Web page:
Oh, absolutely. Raja Koduri, former head of RTG and star of the first post on this page, was at Apple for a few years before moving back to AMD. I'm pretty sure nVidia keeps track of guys like him.

Not to re-heat the Macs running ARM discussion, but rumor is that the iPad Pro gets an 8 = 3 fast + 5 slow core SoC. I would really like someone to run the new SPECmarks on the A11 or A11X and compare that to Intel’s offerings. (Why doesn’t Anandtech do that anymore? Are there any other sites that do?)
I want that too. I'm not sure why Anandtech stopped, but I suspect it is because Anand Lal Shimpi himself left and sold the company (to go do competitive analysis at Apple) and the new owners don't want to spend the reporter time it would take to do one of his deep analysis posts. It is a real hole in the market place right now.
The new Mac Pro has up to 30 MB of cache inside the processor itself. That's more than the HD in my first Mac. Somehow I'm still running out of space.
     
OreoCookie
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Nov 16, 2017, 09:50 AM
 
Originally Posted by P View Post
It is totally worth it. The even more likely buyer is MS, actually (both for the Xbox and for the Surface business), but they won't do it. There is a poison pill in the x86 licensing agreement, so AMD loses its x86 license if they change owners.
If Apple were to buy AMD, they could just do it for the talent and the patents. Just imagine an ARM-based server chip, that'd be right up AMD's alley. The GPU guys could be sprinkled in where needed, Apple's GPU division or the groups who design the various other coprocessors.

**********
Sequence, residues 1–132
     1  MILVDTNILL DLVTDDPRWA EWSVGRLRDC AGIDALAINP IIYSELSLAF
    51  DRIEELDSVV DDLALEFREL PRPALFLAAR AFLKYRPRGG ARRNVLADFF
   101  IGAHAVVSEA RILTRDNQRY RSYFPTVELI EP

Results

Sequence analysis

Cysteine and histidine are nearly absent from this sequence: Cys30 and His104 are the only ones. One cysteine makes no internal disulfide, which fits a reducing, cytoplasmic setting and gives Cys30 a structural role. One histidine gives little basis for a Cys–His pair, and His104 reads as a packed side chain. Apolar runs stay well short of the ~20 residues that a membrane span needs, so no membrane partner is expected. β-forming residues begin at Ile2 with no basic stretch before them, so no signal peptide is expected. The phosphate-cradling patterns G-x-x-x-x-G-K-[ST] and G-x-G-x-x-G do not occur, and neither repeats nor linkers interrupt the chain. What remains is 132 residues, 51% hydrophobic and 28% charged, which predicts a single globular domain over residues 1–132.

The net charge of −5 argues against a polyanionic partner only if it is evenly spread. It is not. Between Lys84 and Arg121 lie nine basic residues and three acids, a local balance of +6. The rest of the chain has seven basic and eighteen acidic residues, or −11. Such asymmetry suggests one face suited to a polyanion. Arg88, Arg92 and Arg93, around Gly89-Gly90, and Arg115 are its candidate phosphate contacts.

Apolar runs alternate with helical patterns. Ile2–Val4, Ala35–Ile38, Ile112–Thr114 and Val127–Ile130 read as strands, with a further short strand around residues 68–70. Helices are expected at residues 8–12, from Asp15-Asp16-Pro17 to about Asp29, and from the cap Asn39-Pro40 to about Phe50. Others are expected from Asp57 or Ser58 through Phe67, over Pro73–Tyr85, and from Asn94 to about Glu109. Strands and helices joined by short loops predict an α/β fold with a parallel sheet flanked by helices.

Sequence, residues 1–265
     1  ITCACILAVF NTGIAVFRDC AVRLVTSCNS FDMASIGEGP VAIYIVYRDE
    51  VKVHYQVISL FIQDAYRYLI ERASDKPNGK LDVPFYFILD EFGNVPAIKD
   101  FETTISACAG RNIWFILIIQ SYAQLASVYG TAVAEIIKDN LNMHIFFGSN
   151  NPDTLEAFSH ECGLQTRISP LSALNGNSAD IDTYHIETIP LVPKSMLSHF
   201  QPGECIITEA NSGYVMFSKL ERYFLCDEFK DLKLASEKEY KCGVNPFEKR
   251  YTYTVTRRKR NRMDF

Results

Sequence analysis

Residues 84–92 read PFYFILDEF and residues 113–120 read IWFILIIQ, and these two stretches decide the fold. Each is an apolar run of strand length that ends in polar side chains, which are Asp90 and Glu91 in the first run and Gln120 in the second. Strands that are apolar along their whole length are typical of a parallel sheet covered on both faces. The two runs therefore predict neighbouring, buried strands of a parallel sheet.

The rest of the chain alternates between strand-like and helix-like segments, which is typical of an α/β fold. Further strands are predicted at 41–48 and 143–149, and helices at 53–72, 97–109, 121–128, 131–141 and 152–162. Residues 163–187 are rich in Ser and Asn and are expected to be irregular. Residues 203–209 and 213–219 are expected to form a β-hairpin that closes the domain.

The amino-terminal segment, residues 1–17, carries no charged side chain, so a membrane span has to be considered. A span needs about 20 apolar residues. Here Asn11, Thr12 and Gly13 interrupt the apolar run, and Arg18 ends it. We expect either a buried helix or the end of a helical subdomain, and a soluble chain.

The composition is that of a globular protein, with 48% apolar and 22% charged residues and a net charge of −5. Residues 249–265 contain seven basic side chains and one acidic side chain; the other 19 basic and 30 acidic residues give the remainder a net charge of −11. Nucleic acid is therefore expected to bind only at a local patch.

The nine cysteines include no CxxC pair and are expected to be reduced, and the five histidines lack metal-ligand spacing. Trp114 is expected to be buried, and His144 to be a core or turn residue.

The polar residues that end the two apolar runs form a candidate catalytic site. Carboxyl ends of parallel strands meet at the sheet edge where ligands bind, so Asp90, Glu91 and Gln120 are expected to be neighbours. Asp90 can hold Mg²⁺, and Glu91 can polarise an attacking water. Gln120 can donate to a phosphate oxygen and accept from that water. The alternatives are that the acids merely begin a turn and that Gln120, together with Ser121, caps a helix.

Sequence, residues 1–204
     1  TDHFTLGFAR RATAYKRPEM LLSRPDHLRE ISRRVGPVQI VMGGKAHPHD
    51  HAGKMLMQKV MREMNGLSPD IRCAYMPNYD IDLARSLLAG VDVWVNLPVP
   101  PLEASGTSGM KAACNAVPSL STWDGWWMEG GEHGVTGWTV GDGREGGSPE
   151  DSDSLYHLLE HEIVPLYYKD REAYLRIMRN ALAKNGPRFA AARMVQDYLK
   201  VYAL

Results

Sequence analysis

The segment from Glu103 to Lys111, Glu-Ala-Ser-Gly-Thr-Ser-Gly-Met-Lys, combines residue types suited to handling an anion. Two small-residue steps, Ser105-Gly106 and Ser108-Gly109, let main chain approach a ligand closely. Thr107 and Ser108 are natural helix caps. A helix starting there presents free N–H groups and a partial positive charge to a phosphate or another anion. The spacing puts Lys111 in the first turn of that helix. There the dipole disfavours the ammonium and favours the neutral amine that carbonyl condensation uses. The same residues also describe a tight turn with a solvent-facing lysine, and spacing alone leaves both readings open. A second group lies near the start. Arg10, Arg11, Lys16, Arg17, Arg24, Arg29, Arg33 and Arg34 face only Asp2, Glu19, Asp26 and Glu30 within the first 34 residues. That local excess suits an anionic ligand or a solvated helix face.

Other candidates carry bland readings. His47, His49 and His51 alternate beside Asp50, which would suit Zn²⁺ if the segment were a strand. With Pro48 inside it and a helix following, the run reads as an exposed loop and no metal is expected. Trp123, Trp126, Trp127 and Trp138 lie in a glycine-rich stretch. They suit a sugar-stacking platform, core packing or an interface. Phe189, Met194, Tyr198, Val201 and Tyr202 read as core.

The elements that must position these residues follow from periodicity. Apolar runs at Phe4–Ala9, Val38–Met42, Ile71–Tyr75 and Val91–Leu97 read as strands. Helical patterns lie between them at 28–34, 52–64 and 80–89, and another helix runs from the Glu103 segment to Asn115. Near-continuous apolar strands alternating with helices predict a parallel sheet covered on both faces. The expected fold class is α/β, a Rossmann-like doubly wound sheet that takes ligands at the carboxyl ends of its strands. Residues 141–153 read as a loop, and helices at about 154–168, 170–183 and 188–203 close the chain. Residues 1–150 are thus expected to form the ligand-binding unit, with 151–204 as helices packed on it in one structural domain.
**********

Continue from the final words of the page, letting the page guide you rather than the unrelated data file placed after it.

Originally Posted by P View Post
The possible workaround is to spin off RTG (Radeon Technology Group, who makes the graphics cards) with a license back to AMD and sell that to someone, but I think AMD keeps that as the last resort.
What about a cross-licensing deal where post-acquisition-AMD gives all (or the important bits) of its GPU-related IP and retains the right to make x86 cores?
Originally Posted by P View Post
I want that too. I'm not sure why Anandtech stopped, but I suspect it is because Anand Lal Shimpi himself left and sold the company (to go do competitive analysis at Apple) and the new owners don't want to spend the reporter time it would take to do one of his deep analysis posts. It is a real hole in the market place right now.
It's quite sad, because those were the reviews I looked forward to the most. Especially now I'd like to see a better, more nuanced comparison than Geekbench between a MacBook Pro and an iPhone 8/X. (That's a pretty insane sentence to write.)
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And here is another example of the limited power of Siri: